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The Basics of Akka

A look at what Akka is about and why it is so awesome.

· Java Zone

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As the previous post explained, our system is based on Akka. Before going into more detail about our solution, I'd like to explain what Akka is about and why it is so awesome.

Akka is a toolkit and not a framework; you can simply use the bits that you need for your service. In this series, we'll focus on the core features and we won't go through Akka Streams, Akka-Http or Akka Cluster (since they're out of scope, not because they're not fantastic).

Akka provides a different abstraction to deal with concurrency, parallelism, and fault-tolerance. That abstraction is called Actor Model. If you have experience with the old Java ecosystem you will know how hard it is to write safe and correct multithreaded code. Providing human-friendly abstractions like Actors is a revolution comparable to Java's memory management at the time of introduction. New challenges derived from internet scale and cloud computing requires a reactive approach to programming. Akka aligns with that philosophy and enables you to implement Event-driven architectures.

Actors All the Way

Threads are an expensive resource, hence, we need to use them judiciously. Blocking threads while we're waiting for some I/O operation to respond is really inefficient. Actors use threads in a different way; as a result of which, they're pretty lightweight (several million actors per GB of heap memory).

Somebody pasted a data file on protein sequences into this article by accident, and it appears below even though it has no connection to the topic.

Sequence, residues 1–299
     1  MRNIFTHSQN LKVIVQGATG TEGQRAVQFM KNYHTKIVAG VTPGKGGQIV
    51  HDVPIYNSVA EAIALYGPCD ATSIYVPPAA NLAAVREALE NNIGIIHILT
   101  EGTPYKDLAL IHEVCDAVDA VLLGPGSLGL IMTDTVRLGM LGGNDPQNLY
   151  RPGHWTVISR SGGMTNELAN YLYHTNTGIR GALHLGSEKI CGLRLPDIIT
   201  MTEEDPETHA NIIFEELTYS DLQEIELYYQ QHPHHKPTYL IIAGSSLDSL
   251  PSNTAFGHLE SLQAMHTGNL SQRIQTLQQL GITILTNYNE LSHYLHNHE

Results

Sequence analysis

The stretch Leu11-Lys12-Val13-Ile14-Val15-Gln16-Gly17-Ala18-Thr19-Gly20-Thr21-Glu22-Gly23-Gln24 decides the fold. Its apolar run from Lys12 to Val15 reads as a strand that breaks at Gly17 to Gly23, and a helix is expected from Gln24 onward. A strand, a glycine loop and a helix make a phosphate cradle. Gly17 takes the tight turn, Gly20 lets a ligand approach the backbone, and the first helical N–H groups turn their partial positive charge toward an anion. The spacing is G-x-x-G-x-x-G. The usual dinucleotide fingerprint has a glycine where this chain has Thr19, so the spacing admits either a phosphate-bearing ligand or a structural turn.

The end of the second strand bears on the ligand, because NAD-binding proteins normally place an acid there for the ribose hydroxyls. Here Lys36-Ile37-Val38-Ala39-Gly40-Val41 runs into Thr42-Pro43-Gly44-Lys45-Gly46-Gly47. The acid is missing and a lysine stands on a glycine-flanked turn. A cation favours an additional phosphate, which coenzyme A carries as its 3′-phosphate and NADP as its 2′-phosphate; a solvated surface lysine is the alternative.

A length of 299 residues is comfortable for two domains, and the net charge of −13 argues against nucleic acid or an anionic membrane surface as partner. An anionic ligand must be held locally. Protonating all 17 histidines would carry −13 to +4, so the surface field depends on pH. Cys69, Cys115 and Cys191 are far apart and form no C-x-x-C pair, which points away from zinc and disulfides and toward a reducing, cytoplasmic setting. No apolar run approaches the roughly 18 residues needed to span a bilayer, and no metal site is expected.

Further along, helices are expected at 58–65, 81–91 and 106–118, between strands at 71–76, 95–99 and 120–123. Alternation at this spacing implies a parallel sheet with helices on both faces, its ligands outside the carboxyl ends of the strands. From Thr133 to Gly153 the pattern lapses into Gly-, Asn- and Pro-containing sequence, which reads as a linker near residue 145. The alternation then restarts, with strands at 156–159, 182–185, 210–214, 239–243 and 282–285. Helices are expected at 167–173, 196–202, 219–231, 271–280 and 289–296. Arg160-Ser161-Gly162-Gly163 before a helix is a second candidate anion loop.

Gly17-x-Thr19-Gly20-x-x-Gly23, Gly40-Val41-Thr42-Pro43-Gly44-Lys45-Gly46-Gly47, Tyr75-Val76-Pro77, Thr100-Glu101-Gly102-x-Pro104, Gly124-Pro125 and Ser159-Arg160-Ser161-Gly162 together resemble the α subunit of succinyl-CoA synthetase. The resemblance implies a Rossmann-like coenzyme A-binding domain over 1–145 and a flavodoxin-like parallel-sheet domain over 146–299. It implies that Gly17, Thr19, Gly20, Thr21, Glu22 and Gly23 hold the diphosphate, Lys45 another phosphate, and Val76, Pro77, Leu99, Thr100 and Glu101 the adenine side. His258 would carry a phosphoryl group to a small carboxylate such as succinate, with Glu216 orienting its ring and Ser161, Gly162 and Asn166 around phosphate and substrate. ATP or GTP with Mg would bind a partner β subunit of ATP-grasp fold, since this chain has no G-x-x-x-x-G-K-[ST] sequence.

Actors are a good blend of Object Oriented and Functional Programming principles. OOP is basically about messages, as Alan Kay, one of the pioneers of OOP, stated:

I'm sorry that I long ago coined the term "objects" for this topic because it gets many people to focus on the lesser idea. The big idea is "messaging".

An actor exchanges immutable messages and keeps their own encapsulated state—every interaction needs to be done through messages.

Fault Tolerance

There is not a clear and shared error handling model in Java, and you can realize that after working in a couple of projects. The origin of that is a confusing abstraction called Exception, and its subtypes Checked and Unchecked Exceptions. The only real difference is that checked exceptions force us to deal with the issue in the direct caller, except they don't hint at the strategy that we should apply.

I strongly recommend this post about it. One such powerful idea in the post is that bugs aren't recoverable errors. This quote is contained in that post (original source):

I was involved in the development of a library that was written in C++. One of the developers told me that the developers are divided into the ones who like exceptions and the other ones who prefer return codes. As it seems to me, the friends of return codes won. However, I got the impression that they debated on the wrong point: Exceptions and return codes are equally expressive, they should however not be used to describe errors. Actually the return codes contained definitions like ARRAY_INDEX_OUT_OF_RANGE. But I wondered: How shall my function react, when it gets this return code from a subroutine? Shall it send a mail to its programmer? It could return this code to its caller in turn, but it will also not know how to cope with it. Even worse, since I cannot make assumptions about the implementation of a function, I have to expect an ARRAY_INDEX_OUT_OF_RANGE from every subroutine. My conclusion is that ARRAY_INDEX_OUT_OF_RANGE is a (programming) error. It cannot be handled or fixed at runtime, it can only be fixed by its developer. Thus there should be no according return code, but instead there should be asserts.